Chris Witherell, an industry consultant in California, says most of the hundreds of hash-oil operations he has inspected don’t pass the first time he visits. Equipment is often poorly assembled or operating with incorrect parts. This is supported by the number of incidents still occurring across the country to reputable facilities.

In May 2017Burn victim in medical cannabis dispensary explosion sued his former employer, New Mexicann Natural Medicine Inc. for an explosion that occurred while Nick Montoya was using butane to extract THC. The extraction process went awry when a puddle of spilled butane in which Montoya was standing caught fire, according to his complaint, “resulting in a massive explosion filling the room with a large fireball, separating the roof from the building. He says he was not trained and did not have adequate equipment or emergency protocols to be performing the dangerous extraction procedure.

June 2018 Cal/OSHA fined Santa Cruz-based Future2 Health Services $50,470 in proposed penalties for 10 violations after the propane ignited and exploded in its extraction lab, badly burning the worker.

Recently GenCanna (an agricultural technology company with a hemp processing facility in Clark County) confirms that theG1 building of the Hemp Research Campus caught fire caught fire (Nov 7, 2019). Firefighters also reported that there was an explosion.

And according to the DEA:
  • It received reports of 260 illegal hash-oil labs in 2017, a 38 percent increase from 2016.
  • A quarter of those labs were discovered because they caught on fire.
  • Explosions have been reported across the United States and Canada killing at least 19 people and injuring 126 more in California since 2014.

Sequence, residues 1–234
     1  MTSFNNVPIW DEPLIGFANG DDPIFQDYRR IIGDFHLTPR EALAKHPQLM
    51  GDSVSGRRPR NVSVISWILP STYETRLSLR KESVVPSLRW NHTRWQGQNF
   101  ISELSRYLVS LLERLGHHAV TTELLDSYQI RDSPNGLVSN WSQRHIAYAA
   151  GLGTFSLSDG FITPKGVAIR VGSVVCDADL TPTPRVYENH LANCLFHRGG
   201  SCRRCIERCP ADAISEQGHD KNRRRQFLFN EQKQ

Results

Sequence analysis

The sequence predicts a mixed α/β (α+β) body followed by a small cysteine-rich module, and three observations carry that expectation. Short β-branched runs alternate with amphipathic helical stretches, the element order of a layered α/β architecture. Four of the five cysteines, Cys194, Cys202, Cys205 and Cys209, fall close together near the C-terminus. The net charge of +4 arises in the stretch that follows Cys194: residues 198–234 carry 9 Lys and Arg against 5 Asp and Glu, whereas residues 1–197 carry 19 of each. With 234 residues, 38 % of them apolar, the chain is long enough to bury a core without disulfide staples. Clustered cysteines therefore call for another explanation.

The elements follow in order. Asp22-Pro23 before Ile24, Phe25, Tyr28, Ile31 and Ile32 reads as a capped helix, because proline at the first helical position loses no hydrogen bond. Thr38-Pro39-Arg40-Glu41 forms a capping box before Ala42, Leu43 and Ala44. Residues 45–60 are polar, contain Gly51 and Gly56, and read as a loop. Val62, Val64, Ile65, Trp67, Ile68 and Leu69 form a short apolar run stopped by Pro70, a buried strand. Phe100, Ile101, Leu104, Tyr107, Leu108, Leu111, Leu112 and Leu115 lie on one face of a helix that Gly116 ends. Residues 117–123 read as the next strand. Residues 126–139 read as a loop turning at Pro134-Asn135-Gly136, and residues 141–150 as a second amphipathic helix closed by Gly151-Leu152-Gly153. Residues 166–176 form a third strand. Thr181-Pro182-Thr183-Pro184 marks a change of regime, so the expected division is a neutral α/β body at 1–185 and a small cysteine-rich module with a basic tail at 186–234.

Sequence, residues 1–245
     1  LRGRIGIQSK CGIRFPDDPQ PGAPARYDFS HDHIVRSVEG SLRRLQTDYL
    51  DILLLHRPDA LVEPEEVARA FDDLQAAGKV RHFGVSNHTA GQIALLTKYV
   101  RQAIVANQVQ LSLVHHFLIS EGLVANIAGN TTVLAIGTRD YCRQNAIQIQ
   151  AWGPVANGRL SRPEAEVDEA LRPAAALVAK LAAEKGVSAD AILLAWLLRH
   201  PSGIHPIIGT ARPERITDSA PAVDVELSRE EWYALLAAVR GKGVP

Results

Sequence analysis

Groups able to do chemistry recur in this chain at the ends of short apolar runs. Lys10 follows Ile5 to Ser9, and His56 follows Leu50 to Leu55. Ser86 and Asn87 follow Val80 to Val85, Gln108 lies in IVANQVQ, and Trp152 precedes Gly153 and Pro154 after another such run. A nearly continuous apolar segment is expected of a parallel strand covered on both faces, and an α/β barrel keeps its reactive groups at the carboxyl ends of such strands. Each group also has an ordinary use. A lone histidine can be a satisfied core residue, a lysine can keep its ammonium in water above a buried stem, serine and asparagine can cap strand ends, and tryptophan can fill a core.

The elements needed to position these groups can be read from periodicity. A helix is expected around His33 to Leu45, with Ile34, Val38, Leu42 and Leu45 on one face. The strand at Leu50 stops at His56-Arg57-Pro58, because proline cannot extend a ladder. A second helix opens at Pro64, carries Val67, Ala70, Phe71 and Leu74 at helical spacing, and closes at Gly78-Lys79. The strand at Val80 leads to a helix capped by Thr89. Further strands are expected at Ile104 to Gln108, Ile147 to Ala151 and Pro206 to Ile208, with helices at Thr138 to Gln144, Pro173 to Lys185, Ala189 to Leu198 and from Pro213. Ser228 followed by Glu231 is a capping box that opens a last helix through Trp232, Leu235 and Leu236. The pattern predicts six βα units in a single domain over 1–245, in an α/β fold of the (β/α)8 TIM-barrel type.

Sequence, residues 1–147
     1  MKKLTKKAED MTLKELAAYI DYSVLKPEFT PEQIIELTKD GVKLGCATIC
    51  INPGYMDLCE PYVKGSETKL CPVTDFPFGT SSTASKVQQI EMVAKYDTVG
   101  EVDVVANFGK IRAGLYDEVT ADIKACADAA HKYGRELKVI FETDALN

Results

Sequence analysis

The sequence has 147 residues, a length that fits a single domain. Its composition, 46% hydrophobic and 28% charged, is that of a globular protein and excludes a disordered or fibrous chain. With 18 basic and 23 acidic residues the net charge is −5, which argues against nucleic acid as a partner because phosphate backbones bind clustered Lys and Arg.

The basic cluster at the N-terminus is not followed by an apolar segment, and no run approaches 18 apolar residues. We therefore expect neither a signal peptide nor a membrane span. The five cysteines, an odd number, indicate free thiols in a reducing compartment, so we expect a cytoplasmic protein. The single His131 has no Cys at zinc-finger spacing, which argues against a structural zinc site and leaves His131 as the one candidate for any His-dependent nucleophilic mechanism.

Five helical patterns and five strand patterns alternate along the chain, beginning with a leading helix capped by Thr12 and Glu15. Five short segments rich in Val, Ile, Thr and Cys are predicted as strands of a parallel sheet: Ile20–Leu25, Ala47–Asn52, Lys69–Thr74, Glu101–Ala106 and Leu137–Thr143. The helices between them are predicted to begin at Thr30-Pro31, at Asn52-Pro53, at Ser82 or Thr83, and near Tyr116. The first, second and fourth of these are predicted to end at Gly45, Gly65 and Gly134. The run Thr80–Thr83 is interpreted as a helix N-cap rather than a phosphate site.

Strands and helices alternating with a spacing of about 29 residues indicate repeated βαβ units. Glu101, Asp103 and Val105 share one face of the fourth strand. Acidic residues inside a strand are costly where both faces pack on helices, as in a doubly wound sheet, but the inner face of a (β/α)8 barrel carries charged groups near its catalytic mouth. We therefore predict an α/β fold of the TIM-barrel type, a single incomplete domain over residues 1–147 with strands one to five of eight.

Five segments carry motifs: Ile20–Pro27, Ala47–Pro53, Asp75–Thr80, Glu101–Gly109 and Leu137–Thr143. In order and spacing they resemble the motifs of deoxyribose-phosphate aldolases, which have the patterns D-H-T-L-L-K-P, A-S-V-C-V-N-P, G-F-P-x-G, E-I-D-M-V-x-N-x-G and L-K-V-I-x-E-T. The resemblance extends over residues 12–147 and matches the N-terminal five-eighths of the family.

• California regulators fined a licensed producer $50,000 in December 2018 after a propane explosion badly burned a worker.

 

What Next?

There are good grow and extraction facility manufacturers out there. Now that you have your checklist in hand, make sure that whoever you choose can address each item to your satisfaction. You should expect a unit built by someone that knows what they are doing. Companies with onsite architects and design folk to help you create a safe and certifiable version of what you see in your head. Companies that have been around building this equipment before cannabis became popular again. That way you know what they are focused on is quality and longevity, not a fast buck in a new market.
 

Cannabis Extraction Lab – Safety Check List:

Free White Paper - Buying Your First Extraction Lab

Click here to read the White Paper (includes a “Safety Checklist” for your next lab).

 

About Linked Equipment

Linked Equipment specializes in designing and building Intermodular Steel Building Units (ISBUs), also known as shipping containers. Our professional engineers transform shipping containers into state-of-the-art cannabis extraction labs, and at a fraction of the cost of traditional lab builds.

At Linked Enterprises, we prioritize safety and security in our C1D1 and C1D2 extraction labs. Our cannabis extraction labs are technologically advanced and have undergone 3rd party engineering peer review to ensure we supply our clients with the highest quality labs. Also, Linked Equipment extraction labs are fully customizable and can be arranged in a number of configurations, making it easy to scale up rapidly and expediting your time-to-market.

We design and build our parts to work together. When we source equipment, it is from vendors built into our design specs from the outset, not as an afterthought. Our C1D1 and C1D2 extraction labs are designed to meet all state and county regulations, depending on your state and county. Linked Enterprises systems have been professionally engineered and are technologically advanced extraction pods that meet all regulations in legalized markets.
We can custom build your C1D1 and C1D2 extraction labs that can scale easily with your needs and be configured in a number of arrangements.